Spotlight on article published in

Journal of Occupational and Environmental Medicine

IBI Spotlights call attention to important health and productivity findings from peer-reviewed work. The research described in this particular Spotlight is authored or co-authored by an IBI researcher. IBI members are encouraged to obtain the original articles from the copyright holder.

What is the Issue?

Employers understand that employees’ illnesses impose lost productivity costs in terms of both absence and presenteeism. However, it is not clear how often employees attend work while ill, relative to missing work.

What are the findings/solutions?

Illness episodes typically result in absence from work rather than working a normal or adjusted routine. Employees work a normal or adjusted routine when ill largely in order to save leave or because they have too much work. When an ill employee has the flexibility to adjust their work routine, they are more likely to work a different schedule or at a different location rather than miss work entirely.

Journal Citation

Gifford, B., Jinnett, K. (2013). Employees’ Work Responses to Episodes of Illness: Evidence From the American Time Use Survey. Journal of Occupational and Environmental Medicine. 56(2):224-229.

Objectives

To better understand presenteeism and absenteeism on the basis of the choices employees make about working when they experience episodes of illness.

Method

We examine nationally representative data to describe employees’ work responses to episodes of illness and how different leave policies contribute to their decisions.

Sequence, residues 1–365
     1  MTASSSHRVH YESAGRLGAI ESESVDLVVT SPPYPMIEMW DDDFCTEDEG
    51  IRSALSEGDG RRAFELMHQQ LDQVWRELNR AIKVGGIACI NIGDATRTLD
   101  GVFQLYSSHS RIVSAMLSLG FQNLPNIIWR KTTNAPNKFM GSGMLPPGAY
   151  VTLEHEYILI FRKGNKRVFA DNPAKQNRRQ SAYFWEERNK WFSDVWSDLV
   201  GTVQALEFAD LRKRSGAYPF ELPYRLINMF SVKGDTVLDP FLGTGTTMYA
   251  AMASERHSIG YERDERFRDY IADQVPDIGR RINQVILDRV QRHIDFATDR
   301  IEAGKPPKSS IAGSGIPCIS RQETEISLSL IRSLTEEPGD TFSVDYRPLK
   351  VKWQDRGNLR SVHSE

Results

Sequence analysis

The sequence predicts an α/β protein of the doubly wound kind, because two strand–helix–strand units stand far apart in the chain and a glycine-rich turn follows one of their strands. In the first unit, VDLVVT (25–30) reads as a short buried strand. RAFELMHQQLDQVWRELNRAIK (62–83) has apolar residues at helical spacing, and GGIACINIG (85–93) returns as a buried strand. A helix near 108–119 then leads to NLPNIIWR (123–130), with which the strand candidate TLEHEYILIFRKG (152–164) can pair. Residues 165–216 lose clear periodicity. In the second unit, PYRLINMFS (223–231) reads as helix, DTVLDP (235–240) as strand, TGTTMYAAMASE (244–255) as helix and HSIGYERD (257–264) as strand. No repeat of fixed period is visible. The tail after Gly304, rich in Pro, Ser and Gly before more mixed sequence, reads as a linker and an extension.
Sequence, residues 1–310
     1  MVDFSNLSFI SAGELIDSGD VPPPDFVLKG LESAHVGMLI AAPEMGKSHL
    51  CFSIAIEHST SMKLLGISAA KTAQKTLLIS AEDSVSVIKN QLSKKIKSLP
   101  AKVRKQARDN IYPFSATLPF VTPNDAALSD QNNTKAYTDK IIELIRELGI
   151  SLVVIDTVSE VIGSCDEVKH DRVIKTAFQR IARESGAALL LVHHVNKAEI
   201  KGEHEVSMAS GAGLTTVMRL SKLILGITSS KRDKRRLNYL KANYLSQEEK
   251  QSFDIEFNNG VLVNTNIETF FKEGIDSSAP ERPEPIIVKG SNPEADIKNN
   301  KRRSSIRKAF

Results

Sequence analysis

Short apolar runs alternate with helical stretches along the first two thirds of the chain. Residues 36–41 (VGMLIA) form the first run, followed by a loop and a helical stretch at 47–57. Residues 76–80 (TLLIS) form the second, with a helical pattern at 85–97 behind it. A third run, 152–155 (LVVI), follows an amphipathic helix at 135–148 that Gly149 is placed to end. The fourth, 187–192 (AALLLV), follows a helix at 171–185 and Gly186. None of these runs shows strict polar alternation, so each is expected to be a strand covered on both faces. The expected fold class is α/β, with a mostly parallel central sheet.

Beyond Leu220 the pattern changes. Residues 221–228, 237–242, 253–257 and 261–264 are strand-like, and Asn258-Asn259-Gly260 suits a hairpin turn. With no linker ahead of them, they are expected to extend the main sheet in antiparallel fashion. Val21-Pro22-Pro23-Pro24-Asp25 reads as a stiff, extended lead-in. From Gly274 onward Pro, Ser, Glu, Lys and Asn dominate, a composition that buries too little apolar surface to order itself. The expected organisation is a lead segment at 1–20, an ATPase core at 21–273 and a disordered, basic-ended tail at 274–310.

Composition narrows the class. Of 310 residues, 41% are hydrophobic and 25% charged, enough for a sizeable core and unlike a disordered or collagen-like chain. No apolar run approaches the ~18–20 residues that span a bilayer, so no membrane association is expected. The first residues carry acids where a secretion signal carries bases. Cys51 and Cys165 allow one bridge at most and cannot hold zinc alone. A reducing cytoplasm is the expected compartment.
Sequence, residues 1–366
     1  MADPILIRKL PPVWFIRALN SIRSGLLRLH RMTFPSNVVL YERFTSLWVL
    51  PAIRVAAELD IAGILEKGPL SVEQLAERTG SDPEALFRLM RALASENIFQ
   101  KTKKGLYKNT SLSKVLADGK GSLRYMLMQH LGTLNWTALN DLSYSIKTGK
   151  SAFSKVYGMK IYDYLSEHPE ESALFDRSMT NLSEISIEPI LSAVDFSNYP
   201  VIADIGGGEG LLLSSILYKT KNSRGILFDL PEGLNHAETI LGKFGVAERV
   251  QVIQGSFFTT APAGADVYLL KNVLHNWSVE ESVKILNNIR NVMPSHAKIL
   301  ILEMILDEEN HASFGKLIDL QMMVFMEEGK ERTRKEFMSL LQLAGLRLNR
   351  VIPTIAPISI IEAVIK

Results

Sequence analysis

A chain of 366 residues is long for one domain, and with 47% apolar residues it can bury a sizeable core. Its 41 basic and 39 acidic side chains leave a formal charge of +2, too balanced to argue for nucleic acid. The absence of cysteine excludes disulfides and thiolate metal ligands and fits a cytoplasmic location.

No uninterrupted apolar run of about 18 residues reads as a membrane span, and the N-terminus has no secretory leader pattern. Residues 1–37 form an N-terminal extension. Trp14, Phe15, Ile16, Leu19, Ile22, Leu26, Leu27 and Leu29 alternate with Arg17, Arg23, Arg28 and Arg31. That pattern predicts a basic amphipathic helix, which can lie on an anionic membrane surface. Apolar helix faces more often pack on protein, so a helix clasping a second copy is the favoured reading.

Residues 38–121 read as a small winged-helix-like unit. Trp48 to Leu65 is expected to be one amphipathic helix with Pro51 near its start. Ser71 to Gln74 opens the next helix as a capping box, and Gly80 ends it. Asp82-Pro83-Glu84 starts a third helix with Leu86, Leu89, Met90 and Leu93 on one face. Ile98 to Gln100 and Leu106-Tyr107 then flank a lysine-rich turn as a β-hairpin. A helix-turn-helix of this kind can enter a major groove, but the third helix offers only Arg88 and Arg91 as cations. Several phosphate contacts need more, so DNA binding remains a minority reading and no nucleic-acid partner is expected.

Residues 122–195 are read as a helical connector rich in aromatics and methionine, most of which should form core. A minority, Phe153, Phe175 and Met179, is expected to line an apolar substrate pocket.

Results

  • About 70% of employees who experienced illness missed work entirely or in part, 13% adjusted their work schedules and 17% worked their normal routines while ill rather than taking leave or adjusting their schedules. About 61% of workers who were absent missed only some days while approximately 8% missed an entire week.
  • Almost half of employees who missed work used sick leave for their absence (45.6%), while about one third were unpaid (31.7%). The remainder of employees used other leave benefits such as paid time off (PTO), personal leave or vacation. Among employees eligible for paid sick leave, about 57% used their sick leave benefits, and 14% were unpaid.
  • Employees work a normal or adjusted routine when ill largely in order to save leave or because they have too much work.
  • On average, flexibility to adjust one’s work schedule or location reduces the probability that an ill employee misses work.

Conclusion

Although flexibility to adjust work routines can reduce absences, it is not known to what extent productivity suffers when this occurs. Measures of both short- and long-term presenteeism are necessary to understand the full productivity costs of illness in the workforce.

Author Details

Brian Gifford, Ph.D., Senior Research Associate, Integrated Benefits Institute, and Kimberly Jinnett, Ph.D., Research Director Integrated Benefits Institute, contributed as authors to this research article.

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